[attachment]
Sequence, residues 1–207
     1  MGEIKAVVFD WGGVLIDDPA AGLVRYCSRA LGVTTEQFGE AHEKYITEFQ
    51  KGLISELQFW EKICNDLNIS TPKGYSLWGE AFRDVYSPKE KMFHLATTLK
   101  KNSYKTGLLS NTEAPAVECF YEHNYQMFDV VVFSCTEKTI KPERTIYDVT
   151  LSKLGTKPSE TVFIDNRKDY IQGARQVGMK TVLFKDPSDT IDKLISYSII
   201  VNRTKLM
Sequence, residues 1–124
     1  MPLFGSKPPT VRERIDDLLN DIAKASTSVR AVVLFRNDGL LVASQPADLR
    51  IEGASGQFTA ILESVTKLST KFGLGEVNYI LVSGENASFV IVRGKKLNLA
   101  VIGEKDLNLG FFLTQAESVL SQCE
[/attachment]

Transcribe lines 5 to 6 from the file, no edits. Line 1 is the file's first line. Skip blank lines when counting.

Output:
   151  LSKLGTKPSE TVFIDNRKDY IQGARQVGMK TVLFKDPSDT IDKLISYSII
   201  VNRTKLM